The district’s administrative offices are at 565 N. Idaho Road. For more information on the fire district, go to http://sfmd.az.gov.

Sewer district

The Superstition Mountains Community Facilities District No. 1 Governing Board holds executive sessions, Executive Assistant Kathy Huckfeldt said in an e-mailed response to questions.

“As a special district formed pursuant to Title 48, Chapter 4, Article 6 of the Arizona Revised Statutes, the district may hold an executive session pursuant to A.R.S. § 38-431.03,” she said.

“Executive session minutes are recorded and stored confidentially pursuant to A.R.S. § 38-431.03 (B),” she said.
For more information on the SMCFD, 5661 S Ironwood Drive, go to www.smcfd.org.

Editor Richard Dyer can be contacted at rdyer@newszap.com.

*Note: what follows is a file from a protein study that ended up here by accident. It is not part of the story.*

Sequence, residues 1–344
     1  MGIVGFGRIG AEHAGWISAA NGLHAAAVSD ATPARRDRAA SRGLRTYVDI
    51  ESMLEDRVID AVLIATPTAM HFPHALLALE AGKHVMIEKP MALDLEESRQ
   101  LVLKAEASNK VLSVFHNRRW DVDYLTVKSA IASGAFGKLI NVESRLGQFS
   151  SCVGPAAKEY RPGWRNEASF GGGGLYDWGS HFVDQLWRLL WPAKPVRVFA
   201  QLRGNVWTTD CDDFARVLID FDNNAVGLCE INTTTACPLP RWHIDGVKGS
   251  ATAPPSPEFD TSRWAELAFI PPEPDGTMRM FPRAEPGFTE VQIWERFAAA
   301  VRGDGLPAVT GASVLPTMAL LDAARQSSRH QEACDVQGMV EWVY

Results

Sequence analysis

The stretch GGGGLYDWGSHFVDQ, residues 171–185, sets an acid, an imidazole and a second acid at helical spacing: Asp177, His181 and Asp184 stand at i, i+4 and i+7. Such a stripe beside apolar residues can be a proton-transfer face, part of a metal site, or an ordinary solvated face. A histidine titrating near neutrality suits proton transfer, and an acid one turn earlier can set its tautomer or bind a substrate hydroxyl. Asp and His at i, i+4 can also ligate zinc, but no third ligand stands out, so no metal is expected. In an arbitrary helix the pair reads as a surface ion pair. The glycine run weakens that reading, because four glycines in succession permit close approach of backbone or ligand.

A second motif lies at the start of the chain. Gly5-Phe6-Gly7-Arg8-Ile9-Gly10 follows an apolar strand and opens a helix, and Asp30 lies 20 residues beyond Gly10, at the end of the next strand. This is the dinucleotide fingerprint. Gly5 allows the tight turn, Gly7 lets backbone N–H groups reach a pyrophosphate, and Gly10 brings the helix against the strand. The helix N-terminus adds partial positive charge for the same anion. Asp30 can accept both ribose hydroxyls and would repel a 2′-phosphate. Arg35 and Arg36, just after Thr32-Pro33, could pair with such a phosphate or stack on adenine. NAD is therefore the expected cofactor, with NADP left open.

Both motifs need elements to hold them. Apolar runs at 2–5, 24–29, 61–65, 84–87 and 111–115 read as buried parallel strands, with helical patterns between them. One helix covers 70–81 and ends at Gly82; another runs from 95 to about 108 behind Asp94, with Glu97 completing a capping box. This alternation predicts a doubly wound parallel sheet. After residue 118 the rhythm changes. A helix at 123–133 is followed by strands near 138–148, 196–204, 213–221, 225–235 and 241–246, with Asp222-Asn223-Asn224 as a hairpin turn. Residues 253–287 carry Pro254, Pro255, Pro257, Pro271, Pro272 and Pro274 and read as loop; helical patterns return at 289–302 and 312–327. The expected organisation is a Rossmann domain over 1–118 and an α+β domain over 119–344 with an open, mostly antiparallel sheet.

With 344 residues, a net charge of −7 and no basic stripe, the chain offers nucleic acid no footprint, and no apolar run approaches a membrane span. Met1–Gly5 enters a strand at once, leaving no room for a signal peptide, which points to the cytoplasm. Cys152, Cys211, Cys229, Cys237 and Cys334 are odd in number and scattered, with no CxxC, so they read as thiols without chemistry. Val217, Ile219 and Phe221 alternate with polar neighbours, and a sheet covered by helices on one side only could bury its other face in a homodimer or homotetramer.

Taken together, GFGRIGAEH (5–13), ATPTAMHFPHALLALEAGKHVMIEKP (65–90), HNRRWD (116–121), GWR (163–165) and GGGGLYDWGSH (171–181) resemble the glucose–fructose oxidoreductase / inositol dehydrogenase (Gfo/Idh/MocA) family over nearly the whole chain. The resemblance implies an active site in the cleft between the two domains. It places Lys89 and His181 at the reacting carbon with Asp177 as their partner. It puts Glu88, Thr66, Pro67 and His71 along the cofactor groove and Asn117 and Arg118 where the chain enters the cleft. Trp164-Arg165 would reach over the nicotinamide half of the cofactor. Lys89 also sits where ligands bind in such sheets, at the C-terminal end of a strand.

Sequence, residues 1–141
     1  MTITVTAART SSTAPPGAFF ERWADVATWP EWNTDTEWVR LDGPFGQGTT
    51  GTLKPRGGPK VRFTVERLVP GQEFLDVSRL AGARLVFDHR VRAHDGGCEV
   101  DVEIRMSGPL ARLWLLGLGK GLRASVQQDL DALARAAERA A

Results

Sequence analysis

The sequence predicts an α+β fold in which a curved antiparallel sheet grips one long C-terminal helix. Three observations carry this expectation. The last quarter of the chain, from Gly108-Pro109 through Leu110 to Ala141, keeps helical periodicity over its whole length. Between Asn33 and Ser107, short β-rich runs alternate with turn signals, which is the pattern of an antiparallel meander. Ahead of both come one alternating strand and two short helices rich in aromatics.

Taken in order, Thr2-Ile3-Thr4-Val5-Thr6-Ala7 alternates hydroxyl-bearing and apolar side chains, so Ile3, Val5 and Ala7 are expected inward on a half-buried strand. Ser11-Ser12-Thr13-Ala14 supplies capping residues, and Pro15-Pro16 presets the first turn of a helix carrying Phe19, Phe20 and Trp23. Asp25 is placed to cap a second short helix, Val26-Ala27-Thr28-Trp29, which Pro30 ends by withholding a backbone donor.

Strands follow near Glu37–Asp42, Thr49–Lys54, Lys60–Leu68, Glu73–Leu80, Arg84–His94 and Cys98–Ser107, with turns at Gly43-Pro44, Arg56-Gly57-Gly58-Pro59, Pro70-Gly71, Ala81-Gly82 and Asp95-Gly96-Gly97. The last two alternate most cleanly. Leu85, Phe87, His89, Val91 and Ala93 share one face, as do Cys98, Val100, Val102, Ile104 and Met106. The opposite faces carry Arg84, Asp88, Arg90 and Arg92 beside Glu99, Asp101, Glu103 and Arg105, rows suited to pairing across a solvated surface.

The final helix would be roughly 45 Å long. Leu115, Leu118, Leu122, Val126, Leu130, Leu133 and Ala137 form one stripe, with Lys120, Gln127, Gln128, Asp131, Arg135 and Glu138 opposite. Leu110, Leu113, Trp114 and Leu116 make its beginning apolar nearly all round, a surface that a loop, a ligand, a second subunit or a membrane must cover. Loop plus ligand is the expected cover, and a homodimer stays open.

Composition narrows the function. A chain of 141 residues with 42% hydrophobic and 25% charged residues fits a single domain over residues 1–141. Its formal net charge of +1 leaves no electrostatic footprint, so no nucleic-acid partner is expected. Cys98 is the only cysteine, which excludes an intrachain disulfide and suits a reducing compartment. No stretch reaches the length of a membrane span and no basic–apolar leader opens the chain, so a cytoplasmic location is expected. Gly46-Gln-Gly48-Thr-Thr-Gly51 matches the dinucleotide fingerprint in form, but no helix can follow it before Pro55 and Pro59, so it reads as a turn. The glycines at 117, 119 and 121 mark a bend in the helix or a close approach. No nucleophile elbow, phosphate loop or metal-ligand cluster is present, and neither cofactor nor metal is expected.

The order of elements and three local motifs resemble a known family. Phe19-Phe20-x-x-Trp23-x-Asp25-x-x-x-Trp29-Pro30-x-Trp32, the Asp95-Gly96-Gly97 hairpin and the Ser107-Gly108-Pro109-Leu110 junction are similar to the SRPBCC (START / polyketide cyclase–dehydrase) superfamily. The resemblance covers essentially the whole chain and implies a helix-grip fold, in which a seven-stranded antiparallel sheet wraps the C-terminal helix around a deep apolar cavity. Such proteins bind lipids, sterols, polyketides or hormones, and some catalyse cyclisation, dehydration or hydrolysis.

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Executive sessions allowed under Arizona state law

State law allows executive session meetings per Arizona Revised Statutes 38-431.03. According to https://www.azleg.gov, it states:

A. Upon a public majority vote of the members constituting a quorum, a public body may hold an executive session but only for the following purposes:
1. Discussion or consideration of employment, assignment, appointment, promotion, demotion, dismissal, salaries, disciplining or resignation of a public officer, appointee or employee of any public body, except that, with the exception of salary discussions, an officer, appointee or employee may demand that the discussion or consideration occur at a public meeting. The public body shall provide the officer, appointee or employee with written notice of the executive session as is appropriate but not less than twenty-four hours for the officer, appointee or employee to determine whether the discussion or consideration should occur at a public meeting.